The majority Latino district also happens to border Ocasio-Cortez’s in the Bronx, and Díaz currently represents her Parkchester neighborhood in the City Council. The irony is lost on no one: Díaz, a 76-year-old preacher with hard-right social views, could end up serving next to a young progressive icon, especially if votes in the primary end up being split a dozen different ways.
“There’s a real risk the most Democratic district in America could be represented by a Trump Republican masquerading as a Democrat,” said councilman Ritchie Torres, regarded as a front-runner in the primary after raising more than a half-million dollars in just a few months. “He has an irreducible base of evangelicals. If the race were held today, he would win on the strength of name recognition.”
Though poverty remains stubbornly high, the South Bronx has come a long way from its 1970s nadir, when President Jimmy Carter toured the hollowed-out, arson-plagued neighborhood. Crime has fallen, and new development is fueling what was once unthinkable: gentrification. Rents are steadily creeping up. The district’s working class and poor fear displacement.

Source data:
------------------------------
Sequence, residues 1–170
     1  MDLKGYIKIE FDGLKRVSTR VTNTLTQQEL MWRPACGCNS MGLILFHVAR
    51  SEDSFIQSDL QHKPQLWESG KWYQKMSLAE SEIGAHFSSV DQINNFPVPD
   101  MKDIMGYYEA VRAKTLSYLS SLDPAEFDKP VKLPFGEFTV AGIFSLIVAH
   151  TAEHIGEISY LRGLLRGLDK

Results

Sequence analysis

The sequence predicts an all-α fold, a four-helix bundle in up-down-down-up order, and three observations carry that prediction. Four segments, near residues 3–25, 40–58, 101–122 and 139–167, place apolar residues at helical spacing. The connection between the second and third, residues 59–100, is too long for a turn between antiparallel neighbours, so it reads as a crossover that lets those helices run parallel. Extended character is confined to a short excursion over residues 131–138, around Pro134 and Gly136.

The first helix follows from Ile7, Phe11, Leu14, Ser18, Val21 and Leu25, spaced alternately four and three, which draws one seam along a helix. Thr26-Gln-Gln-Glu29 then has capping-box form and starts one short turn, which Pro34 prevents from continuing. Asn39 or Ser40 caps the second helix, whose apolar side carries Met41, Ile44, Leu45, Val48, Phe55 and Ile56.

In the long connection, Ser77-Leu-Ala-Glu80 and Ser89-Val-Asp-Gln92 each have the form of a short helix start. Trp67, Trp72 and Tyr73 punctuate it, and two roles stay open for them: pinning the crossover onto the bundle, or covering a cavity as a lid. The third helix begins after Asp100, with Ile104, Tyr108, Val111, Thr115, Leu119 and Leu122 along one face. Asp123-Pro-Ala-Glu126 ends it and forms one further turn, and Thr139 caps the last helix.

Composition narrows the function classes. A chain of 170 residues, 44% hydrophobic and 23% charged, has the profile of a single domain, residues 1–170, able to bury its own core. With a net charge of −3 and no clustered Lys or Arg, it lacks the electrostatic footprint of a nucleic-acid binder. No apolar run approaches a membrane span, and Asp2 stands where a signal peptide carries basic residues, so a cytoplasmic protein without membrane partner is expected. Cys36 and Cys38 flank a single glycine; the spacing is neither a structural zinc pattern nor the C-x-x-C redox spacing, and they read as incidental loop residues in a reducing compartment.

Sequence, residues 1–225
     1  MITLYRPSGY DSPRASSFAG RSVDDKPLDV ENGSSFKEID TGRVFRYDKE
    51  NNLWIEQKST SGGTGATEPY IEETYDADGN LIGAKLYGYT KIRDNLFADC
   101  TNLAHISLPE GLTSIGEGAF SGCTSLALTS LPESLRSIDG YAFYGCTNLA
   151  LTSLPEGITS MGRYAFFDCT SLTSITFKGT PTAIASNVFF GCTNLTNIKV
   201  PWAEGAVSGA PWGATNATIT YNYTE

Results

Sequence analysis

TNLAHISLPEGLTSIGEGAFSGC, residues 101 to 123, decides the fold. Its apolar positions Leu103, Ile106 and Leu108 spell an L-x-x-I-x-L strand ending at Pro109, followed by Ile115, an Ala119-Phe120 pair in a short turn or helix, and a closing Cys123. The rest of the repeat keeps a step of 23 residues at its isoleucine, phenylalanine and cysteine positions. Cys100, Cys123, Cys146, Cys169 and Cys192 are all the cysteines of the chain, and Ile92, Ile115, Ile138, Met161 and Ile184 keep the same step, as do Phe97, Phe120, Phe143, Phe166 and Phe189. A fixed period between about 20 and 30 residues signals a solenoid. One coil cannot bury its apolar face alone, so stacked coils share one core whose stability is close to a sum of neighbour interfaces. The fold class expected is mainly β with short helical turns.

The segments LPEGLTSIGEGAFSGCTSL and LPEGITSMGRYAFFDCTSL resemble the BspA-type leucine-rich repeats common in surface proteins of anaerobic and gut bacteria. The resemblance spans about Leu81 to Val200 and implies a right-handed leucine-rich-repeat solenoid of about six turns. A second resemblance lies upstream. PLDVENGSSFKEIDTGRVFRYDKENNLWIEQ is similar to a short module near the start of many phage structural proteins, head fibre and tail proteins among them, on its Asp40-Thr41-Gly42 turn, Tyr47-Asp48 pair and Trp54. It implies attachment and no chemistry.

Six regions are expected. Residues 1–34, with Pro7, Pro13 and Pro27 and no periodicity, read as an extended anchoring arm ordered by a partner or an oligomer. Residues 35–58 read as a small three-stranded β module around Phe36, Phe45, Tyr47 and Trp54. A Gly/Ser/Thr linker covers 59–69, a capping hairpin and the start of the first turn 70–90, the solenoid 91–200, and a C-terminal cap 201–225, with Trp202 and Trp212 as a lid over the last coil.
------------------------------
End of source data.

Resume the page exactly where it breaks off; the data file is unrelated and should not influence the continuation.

While the overwhelmingly Democratic district would never back a Republican—Hillary Clinton won a stunning 94 percent of the vote—socially conservative Democrats can succeed. The current chair of the Bronx Democratic Party, a Díaz protégé, voted against same-sex marriage the year it became law in New York and has opposed legislation to strengthen women’s reproductive health laws.
Díaz declined repeated requests for an interview to discuss his candidacy. “I’m in a meeting,” he said when reached on his personal cell phone, before hanging up. The strength of his candidacy boils down to a divided field and his singular visibility in the area, including his brand name and a sound truck trawling the streets at election time. Before his election to the City Council in 2017—he won a plurality of votes against several young progressive challengers, if that sounds familiar—Díaz sat in the state Senate for more than a decade, a thorn in the side of Albany Democrats.
In 2006, thanks to a cozy relationship with a local developer and the Republican governor at the time, George Pataki, an affordable housing development was named the Rev. Ruben Diaz Garden Apartments. The lettering on the light-brown exterior, beneath a clanging elevated train, remains to this day.